Immigration Q & A

Immigration Q & A March 2013

Author by Edward Boreth

Immigration Q & A

I have been in the US for 6 years. I entered with a tourist visa, but never renewed it. Will the government pass immigration reform this year and will it help me get legal status?

Both the President and a group of Senators have made proposals to allow undocumented immigrants stay legally in the US. At the moment, these are just proposals, not law. The Senate Judiciary Committee is holding hearings on what to include in these proposed laws. There is quite a long and complicated process before a law is written. Only then will we know whether it can help you in your specific situation, or which other people it can help. Then, of course, Congress must still vote on whether to pass the law, and if the law passes, the President must sign it for it to become law. If this happens, it will probably take many months.

Although we cannot say exactly what the requirements will be if the law passes, we know several key points of the proposals. The idea is to have undocumented immigrants register with the government, pay a fine, prove payment of taxes and receive a work permit. Then the government is supposed to process all the green card petitions that have already been filed and are pending because of immigration quotas. It has been suggested that visa numbers will be added to speed up processing for all the people who are already waiting to get their green cards legally. After that, the undocumented immigrants will be able to apply for their green cards.

If this proposal is enacted into law, it will be good news for both people who are here without papers, and for people already waiting for employment and family based green cards. In fact, those US citizens and permanent residents that have put off filing for their families because the wait is so long, should file those petitions now, because of the possibility that the wait times will strongly decrease.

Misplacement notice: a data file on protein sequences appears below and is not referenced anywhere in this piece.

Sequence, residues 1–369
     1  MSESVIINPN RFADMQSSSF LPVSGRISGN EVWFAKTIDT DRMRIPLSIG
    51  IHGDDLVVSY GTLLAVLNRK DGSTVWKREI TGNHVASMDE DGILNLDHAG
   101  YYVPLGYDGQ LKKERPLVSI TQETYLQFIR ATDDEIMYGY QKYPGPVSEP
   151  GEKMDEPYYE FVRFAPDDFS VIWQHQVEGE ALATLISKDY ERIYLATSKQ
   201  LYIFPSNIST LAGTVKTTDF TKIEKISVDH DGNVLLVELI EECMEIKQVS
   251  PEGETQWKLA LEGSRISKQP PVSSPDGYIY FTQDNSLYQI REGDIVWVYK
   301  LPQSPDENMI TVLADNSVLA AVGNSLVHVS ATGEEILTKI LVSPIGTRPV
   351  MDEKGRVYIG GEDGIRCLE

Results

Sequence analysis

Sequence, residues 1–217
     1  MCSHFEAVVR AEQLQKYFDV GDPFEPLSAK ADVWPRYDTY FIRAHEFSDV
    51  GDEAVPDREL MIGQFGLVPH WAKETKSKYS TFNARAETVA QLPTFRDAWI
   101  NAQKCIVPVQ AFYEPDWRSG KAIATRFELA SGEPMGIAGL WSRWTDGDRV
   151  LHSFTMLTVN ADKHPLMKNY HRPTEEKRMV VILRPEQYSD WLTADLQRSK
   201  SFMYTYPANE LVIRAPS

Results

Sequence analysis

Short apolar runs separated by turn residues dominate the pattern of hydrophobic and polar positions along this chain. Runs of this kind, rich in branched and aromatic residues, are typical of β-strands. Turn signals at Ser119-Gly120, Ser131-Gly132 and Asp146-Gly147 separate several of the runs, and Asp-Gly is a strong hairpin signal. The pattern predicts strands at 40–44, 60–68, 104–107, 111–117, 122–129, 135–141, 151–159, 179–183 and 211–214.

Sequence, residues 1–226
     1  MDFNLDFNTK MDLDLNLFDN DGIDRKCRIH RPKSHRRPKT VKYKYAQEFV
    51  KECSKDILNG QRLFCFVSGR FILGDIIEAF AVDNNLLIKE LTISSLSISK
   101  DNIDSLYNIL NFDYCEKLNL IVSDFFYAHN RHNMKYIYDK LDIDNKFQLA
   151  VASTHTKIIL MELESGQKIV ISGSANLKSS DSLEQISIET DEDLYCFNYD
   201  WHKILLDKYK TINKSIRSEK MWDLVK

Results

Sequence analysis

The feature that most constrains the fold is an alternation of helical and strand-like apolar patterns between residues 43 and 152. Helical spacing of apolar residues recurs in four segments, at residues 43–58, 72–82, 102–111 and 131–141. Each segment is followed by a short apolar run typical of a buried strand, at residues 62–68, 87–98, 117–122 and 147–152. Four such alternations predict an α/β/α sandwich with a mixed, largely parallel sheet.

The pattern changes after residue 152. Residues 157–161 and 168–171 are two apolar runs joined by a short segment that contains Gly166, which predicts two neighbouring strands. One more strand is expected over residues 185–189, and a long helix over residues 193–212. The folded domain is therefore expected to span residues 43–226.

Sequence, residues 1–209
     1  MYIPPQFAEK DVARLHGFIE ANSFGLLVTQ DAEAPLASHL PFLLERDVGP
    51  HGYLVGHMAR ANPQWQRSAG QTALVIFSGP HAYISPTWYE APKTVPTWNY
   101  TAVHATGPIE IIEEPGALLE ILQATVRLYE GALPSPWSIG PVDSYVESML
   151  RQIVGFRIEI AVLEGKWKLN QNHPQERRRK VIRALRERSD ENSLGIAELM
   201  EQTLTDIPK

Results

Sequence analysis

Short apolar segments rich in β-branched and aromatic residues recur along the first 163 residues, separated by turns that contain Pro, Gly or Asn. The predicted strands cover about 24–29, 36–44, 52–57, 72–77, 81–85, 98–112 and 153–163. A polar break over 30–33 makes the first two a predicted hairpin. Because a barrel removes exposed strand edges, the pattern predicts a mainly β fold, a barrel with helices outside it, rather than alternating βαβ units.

Of course, the reform proposals will probably not help people with serious criminal convictions, and we do not know yet if it will help people with deportation orders already in place.

I married a US citizen and filed my immigration paperwork. Now I have an interview coming up. I am worried that immigration officers will not think our marriage is real. We are different religions, different races, and my wife is 10 years older than me. What are the questions that immigration will ask us and what are the chances that they will deny my green card?

You will need to prove to the immigration officer that you married so that you and your wife can have a life together, not just to get your green card. The outcome of the interview will depend not only on the questions and answers at the interview, but also on the documents that you bring to the interview. You should bring every kind of document to show that you and your wife really live together as husband and wife. This could mean bringing a lease in both names, bills, joint accounts and everything else to show that you share expenses. If you have photos of the wedding, wedding invitations, photos of the two of you with family and friends, and photos of the two of you on vacation, bring them. The officer will put them in your file. Generally, the more documents you have, the less questions are asked.